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‘Camel Mirage’ | LOVE BRAND & Co. Original Print 

A camel's whimsical journey across an endless desert in search of an oasis and how camels have evolved to survive in the harshest conditions as well as the marvel of a mirage is all captured in our latest original print ‘Camel Mirage’.

Mirages are found in deserts when when light passes through two layers of air with different temperatures. The blistering desert sun heats the sand which then heats a layer of air directly above the sand surface. The hot air bends light rays and reflects the sky on the sand, creating the illusion of water on the horizon. 

Oasis or no oasis, camels are incredibly resilient in desert conditions and can survive for a week or even longer without water and for several months without eating any food. The camel uses its infamous hump, or humps in the case of Bactrian camels, to store fat reserves to give the camels energy to survive when food is scarce. The humps are not used for storing water as commonly misunderstood. The bigger a camels hump, the healthier the camel is. Healthy camels live for around 50 years. 

"Camels have three sets of eyelids and two rows of eyelashes"

Camels have evolved to be equipped for all desert conditions including sand storms. Camels have three sets of eyelids and two rows of eyelashes and have the ability to close their nostrils, to keep the sand out. Even more incredible is Dromedary Camels ability to extract moisture from the air using their specialised nostrils. Camels have adapted wide flat feet for walking in sand and have extra thick lips which let them forage for food from even the most thorny plants which other animals can’t reach. Camels can loose up to 40% of their body weight, journeying in the sand dunes and then drink over 100 litres of water in one go when they finally reach water. These astonishing mammals can carry up to 600 lbs and run up to 25 miles an hour and are known as the “ships of the desert.”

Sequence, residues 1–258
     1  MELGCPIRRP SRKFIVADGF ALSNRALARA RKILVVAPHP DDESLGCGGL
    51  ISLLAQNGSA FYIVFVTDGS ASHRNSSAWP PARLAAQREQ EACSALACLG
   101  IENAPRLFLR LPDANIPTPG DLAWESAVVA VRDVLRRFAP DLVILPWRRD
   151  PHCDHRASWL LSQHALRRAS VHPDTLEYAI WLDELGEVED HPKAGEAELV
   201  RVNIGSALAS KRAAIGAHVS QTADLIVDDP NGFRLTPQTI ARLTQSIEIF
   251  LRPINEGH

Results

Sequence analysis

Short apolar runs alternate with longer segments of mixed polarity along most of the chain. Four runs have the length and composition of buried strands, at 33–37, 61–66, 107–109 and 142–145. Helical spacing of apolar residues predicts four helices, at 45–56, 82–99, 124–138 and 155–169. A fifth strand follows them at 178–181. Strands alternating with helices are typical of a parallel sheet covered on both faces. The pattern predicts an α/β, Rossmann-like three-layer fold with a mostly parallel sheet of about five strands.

The Camel is a symbol of hardship, strength and love for the Arab Bedouins and has held symbolic importance and practical significance in desert communities for millennia. In classical Arabic poetry, the robust camel was a reference to patience, strength, obedience, and endurance. Today the camel remains highly regarded and is a symbol of Dubai's and the UAE’s cultural heritage. No longer relied on for transporting belongings and goods on long distance desert journeys but for short distance sprints, camel racing. There are reportedly around 300,000 dromedary camels in the UAE but not even one is wild. Every camel belongs to someone and is registered. 

Dromedary camels are no longer considered wild animals. Dromedary camels are semi-domesticated animals, freely ranging, but under herdsman control. Dromedary camels have been extinct in the wild for for 2000 years, since the Romans. Wild Bactrian camels are also extinct outside China and Mongolia but still today the Bactrian camel remains in the wild in the Gobi and Taklamakan Deserts but is critically endangered with only around a thousand still in the wild. 

Image Credits